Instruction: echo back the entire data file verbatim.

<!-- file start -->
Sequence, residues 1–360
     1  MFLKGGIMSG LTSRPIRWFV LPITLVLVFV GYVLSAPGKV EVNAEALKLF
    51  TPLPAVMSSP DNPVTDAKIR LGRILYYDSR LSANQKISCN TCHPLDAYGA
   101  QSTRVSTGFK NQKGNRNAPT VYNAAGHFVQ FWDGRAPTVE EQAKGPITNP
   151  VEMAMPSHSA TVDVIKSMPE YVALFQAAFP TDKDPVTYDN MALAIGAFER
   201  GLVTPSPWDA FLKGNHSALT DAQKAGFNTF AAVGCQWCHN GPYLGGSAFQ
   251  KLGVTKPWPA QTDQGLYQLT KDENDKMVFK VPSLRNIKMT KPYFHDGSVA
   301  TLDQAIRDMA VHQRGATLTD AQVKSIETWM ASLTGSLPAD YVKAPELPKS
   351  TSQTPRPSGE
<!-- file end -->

Sequence, residues 1–360
     1  MFLKGGIMSG LTSRPIRWFV LPITLVLVFV GYVLSAPGKV EVNAEALKLF
    51  TPLPAVMSSP DNPVTDAKIR LGRILYYDSR LSANQKISCN TCHPLDAYGA
   101  QSTRVSTGFK NQKGNRNAPT VYNAAGHFVQ FWDGRAPTVE EQAKGPITNP
   151  VEMAMPSHSA TVDVIKSMPE YVALFQAAFP TDKDPVTYDN MALAIGAFER
   201  GLVTPSPWDA FLKGNHSALT DAQKAGFNTF AAVGCQWCHN GPYLGGSAFQ
   251  KLGVTKPWPA QTDQGLYQLT KDENDKMVFK VPSLRNIKMT KPYFHDGSVA
   301  TLDQAIRDMA VHQRGATLTD AQVKSIETWM ASLTGSLPAD YVKAPELPKS
   351  TSQTPRPSGE